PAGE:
1 Employee or Self-Employed Person? revenuquebec.ca
2 As a worker, you can be either a self-employed person or an employee. The distinction is important, as your tax obligations differ depending on your status. A self-employed person is an individual who operates a business to make a profit and who may or may not have employees. For information on the tax obligations of self-employed persons, refer to Are You Self-Employed? Taxation Reference Tool (IN-300-V). CRITeria used to determine your status You are considered to be self-employed if you are free to choose the means of carrying out a contract and no relationship of subordination exists between you and your client. Conversely, you are considered to be an employee if, under a written or verbal contract, you undertake for a limited time to do work for remuneration under the direction or control of an employer. More specifically, your status is determined by the following six criteria: subordination to an employer financial liability ownership of tools the degree to which your work is integral to the activities of your work provider whether your work ends upon achieving a specific result the agreement between you and your work provider The six criteria are described in further detail below and in the current version of interpretation bulletin RRQ. 1-1, Status of Workers. Subordination to an employer Subordination to an employer is the most important criterion for determining whether you are self-employed or an employee. If you are self-employed, you are not subordinate to an employer your client does not usually set your work schedule or decide where or how you will do the work. Nor can your client prevent you from getting help, hiring a substitute or offering your services to more than one client. If you are an employee, however, you are subordinate to your employer, in that he or she determines the conditions of your hiring and firing; sets your schedule and decides where you will work; defines your tasks and work methods; manages your activities and those of any substitute; controls the execution of your work and that of any substitute; may take disciplinary action against you. Your employer also assumes the cost of any damages you may cause in performing your tasks, and generally covers expenses related to training, professional development and your workplace. Financial liability Your level of financial liability helps determine the nature of the relationship that exists between you and your client or employer. If you are self-employed, you can earn profits; however, you can also incur losses. In addition, you must cover your business s operating costs, such as the cost of meals, transportation and accommodation. If you are an employee, your employer covers the business operating costs, and you assume no financial risk. Losses incurred by the business therefore have no direct effect on your salary. You are also entitled to annual vacation, paid leave and fringe benefits.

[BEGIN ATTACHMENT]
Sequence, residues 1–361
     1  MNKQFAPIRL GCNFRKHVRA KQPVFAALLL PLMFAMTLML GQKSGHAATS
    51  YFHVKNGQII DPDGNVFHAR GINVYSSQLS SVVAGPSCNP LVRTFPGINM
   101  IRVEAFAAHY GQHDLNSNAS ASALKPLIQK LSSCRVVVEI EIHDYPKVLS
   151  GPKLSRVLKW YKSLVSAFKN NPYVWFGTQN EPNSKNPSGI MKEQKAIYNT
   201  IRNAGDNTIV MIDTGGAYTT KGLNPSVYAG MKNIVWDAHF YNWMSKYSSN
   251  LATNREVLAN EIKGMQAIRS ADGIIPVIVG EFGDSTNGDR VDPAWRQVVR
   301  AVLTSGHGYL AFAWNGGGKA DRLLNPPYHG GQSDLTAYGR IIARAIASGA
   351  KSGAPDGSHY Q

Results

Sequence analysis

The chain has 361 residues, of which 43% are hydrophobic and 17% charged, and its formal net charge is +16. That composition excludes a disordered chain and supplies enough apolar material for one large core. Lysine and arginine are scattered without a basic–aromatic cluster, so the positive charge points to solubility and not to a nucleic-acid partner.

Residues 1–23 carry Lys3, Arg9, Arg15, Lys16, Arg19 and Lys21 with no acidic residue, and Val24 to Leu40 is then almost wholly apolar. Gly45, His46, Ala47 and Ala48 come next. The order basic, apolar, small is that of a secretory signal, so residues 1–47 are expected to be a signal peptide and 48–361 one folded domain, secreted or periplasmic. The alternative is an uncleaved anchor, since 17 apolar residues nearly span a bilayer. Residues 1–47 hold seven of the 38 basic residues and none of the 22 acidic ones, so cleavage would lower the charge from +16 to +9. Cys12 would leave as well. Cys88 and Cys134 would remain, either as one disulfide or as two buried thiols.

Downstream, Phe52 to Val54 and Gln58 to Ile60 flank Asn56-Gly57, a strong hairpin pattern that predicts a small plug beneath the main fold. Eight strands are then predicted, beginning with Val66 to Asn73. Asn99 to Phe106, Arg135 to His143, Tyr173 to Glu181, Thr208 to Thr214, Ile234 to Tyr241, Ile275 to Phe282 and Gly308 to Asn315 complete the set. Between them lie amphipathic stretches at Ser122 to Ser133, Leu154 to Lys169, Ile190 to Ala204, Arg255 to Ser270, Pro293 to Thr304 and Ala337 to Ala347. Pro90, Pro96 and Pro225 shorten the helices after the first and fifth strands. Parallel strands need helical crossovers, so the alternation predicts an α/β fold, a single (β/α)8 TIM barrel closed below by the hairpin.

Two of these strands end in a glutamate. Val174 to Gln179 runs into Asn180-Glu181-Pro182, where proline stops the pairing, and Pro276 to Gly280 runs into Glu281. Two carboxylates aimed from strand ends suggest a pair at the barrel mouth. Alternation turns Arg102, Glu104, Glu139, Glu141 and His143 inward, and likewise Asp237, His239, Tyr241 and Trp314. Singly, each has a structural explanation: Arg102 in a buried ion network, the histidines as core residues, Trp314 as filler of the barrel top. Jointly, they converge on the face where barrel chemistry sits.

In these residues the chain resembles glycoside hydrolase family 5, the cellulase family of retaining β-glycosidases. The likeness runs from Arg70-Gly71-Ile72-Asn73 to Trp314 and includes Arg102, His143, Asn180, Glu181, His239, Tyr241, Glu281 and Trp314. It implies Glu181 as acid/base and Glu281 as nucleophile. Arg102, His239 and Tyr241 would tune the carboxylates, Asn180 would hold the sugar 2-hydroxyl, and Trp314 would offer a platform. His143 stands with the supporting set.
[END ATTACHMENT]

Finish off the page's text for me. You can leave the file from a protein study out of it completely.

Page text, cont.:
3 Ownership of tools Determining who owns the tools at your disposal (that is, all the items, instruments, equipment and materials needed to carry out your work) can also help determine your status. If you are self-employed, you usually supply your own tools and cover the related costs. If you are an employee, you generally use tools owned by your employer, who covers the related costs (such as the cost of financing, operation and repairs). The degree to which your work is integral to the activities of your work provider This criterion must be considered from your point of view. If the services you render are not part of the business s usual activities (for example, if you are an outside consultant), you are self-employed. As such, you can offer your services to more than one client. If, however, the services you render are integral to the business s activities, you are probably an employee. For example, you may be considered an employee if you sell a business s products and sales are among the business s activities; or earn income primarily by working for a single employer. Whether your work ends upon achieving specific result If your services are retained for the purpose of completing a specific task, and you are free to determine the methods you will use to achieve the desired results, you are self-employed. In such a case, your business relationship with your client ends once those results have been achieved. If, however, you personally entered into your employer s service for a certain period of time, you are an employee. The agreement between you and your work provider Various aspects of the agreement between you and your work provider that determines your working conditions may be taken into consideration, such as payment of CSST premiums in respect of your salary; the overall interpretation of your contract and the terms of its renewal; eligibility for your employer s group insurance plan; and severance pay.